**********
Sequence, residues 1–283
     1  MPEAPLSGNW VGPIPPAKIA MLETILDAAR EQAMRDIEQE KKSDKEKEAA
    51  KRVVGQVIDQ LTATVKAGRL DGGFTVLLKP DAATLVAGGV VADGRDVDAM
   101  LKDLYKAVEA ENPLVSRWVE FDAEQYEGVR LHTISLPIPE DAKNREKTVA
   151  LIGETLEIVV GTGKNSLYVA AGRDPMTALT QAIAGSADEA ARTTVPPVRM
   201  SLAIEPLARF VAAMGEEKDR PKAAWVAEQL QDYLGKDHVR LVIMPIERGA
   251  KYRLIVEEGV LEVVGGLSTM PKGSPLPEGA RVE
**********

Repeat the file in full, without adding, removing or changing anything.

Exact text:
Sequence, residues 1–283
     1  MPEAPLSGNW VGPIPPAKIA MLETILDAAR EQAMRDIEQE KKSDKEKEAA
    51  KRVVGQVIDQ LTATVKAGRL DGGFTVLLKP DAATLVAGGV VADGRDVDAM
   101  LKDLYKAVEA ENPLVSRWVE FDAEQYEGVR LHTISLPIPE DAKNREKTVA
   151  LIGETLEIVV GTGKNSLYVA AGRDPMTALT QAIAGSADEA ARTTVPPVRM
   201  SLAIEPLARF VAAMGEEKDR PKAAWVAEQL QDYLGKDHVR LVIMPIERGA
   251  KYRLIVEEGV LEVVGGLSTM PKGSPLPEGA RVE